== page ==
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New development coming to Loretto Heights after city council approval

Posted at 10:58 PM, Sep 16, 2019
and last updated 2019-09-17 01:31:42-04

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DENVER -- The Denver City Council approved the Loretto Heights Small Area Plan Monday, paving the way for new development.

“I think this is the best small area plan the city of Denver has ever created,” neighbor John Joseph Niemann said.

The plan makes way for higher density housing like apartments and condos along South Federal Boulevard and traditional, single-unit homes on the west side. The iconic administration building would become a community hub with commercial and retail space.

“I think the plan as a whole is a great vision for what the community wants to see, specifically open space, affordable housing, the need for closed campus to now be opened up to the public so it will become a community asset,” Niemann said.

There are concerns about preserving the 120-year-old campus as well as the effect all the new development would have on the area.

The city says 2,500 new people would eventually move in.

Some neighbors are worried about traffic.

Xochitl Gaytan with the Harvey Park Community Association believes the development could gentrify the area. She is against building any high rises on the property.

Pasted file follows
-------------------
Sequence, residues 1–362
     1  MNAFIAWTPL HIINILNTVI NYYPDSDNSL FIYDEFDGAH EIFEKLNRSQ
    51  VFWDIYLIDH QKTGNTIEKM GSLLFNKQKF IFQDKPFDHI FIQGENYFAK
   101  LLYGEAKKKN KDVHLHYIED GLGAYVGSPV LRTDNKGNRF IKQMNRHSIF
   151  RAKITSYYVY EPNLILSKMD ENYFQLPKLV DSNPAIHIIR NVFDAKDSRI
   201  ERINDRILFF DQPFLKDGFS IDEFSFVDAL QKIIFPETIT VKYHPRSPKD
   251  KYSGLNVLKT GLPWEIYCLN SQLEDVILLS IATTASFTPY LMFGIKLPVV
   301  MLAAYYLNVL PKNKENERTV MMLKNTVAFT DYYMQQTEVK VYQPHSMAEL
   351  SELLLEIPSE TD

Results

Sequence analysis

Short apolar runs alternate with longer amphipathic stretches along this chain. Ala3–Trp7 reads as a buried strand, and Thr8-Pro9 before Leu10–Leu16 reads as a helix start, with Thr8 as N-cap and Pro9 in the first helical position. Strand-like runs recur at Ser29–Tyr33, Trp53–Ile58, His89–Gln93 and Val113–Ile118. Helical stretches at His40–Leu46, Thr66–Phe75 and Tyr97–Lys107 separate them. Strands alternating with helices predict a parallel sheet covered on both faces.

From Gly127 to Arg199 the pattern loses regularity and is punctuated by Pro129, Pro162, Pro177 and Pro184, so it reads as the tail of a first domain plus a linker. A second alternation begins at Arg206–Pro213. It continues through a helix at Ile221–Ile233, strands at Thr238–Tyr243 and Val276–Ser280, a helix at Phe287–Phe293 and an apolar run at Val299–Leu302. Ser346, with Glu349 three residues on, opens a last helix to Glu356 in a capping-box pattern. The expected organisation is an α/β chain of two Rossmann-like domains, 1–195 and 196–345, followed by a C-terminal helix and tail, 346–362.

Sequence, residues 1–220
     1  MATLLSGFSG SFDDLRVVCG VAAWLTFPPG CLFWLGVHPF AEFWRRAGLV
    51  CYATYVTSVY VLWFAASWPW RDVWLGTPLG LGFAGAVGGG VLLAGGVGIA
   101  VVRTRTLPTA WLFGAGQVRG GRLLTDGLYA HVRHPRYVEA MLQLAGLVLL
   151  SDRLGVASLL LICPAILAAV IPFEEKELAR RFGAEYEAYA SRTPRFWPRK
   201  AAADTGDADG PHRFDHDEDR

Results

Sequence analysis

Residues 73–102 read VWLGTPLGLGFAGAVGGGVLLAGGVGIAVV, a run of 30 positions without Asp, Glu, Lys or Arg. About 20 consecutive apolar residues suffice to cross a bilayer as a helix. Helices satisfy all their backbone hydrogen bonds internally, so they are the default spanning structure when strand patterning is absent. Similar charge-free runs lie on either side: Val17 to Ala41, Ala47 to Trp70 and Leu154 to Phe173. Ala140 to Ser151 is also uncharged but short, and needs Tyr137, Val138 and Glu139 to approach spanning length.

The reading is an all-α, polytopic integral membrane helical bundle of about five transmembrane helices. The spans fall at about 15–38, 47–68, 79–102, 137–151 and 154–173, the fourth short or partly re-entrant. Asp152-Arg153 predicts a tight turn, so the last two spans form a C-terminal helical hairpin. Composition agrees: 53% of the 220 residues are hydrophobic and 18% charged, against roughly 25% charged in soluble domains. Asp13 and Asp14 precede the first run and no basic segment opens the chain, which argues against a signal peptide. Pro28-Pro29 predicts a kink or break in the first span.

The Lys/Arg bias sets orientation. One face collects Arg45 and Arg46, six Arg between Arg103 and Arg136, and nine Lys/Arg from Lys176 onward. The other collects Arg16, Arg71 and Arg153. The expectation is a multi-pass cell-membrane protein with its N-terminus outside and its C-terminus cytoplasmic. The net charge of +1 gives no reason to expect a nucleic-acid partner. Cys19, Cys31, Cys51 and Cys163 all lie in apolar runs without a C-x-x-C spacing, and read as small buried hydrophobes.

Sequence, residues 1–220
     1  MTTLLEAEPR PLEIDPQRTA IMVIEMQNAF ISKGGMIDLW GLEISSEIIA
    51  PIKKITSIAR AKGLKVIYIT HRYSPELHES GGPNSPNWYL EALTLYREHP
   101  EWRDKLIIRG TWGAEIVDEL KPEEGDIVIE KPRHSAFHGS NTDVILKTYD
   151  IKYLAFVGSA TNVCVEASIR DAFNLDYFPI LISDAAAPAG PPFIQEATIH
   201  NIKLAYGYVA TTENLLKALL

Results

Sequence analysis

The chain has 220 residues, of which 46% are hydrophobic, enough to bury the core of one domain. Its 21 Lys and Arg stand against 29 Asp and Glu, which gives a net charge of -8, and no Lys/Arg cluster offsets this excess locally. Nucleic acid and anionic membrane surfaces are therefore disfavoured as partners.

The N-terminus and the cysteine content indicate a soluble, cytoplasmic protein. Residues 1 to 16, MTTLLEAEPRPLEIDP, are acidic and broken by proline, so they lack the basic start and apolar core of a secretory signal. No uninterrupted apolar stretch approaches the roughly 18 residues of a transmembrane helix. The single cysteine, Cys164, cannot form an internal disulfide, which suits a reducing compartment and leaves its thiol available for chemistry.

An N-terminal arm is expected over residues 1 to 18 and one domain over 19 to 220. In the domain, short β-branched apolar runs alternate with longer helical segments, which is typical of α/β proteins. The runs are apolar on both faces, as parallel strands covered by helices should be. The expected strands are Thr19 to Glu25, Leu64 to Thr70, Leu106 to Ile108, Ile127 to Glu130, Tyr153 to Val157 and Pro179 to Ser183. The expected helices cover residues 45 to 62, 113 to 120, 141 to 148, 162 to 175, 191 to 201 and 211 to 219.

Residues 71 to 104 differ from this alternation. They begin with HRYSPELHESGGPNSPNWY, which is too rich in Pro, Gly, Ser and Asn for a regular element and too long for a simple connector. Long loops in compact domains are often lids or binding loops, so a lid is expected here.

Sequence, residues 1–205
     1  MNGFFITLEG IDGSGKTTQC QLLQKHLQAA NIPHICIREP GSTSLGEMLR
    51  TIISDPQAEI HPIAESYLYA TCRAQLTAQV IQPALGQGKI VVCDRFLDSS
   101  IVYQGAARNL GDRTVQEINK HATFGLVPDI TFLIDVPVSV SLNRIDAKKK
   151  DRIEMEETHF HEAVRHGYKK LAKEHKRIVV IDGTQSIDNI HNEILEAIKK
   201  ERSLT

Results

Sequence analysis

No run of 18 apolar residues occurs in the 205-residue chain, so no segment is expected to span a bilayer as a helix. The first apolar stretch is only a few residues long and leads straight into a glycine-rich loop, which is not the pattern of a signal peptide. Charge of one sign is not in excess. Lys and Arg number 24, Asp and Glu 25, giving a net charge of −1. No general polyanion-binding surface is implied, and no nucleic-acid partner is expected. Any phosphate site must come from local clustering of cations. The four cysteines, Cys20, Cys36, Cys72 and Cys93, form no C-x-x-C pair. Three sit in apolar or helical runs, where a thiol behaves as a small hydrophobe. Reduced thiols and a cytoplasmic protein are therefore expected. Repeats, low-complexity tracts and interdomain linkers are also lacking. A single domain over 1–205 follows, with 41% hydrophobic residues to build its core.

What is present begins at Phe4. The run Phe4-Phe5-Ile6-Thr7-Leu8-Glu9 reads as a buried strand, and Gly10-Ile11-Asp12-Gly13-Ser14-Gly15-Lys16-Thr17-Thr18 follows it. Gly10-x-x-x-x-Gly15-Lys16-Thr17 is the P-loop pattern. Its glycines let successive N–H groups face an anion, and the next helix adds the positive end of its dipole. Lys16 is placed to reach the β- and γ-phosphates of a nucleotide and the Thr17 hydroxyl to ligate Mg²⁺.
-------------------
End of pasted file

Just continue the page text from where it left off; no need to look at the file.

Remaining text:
“By not allowing these buildings to be constructed higher, you are also looking at restricting the number of penthouses and number of units that can be priced very, very high,” she said.

The Developer, Westside Investment Partners, says they are committed to preserving the administration building and cemetery and say there was a covenant included in the sale prohibiting the administration building from being demolished.

But many want the campus to become a historic district. They plan to watch the developer closely to make sure promises are kept.

“Our next steps will be to hold city council accountable and ask them to set measures in place to hold the developer accountable,” Gaytan said.

This is just the first step of many for the developer to break ground. They still need to get zoning documents, historic preservation and site plan approvals. It could be many months or years before any new construction takes place on the site.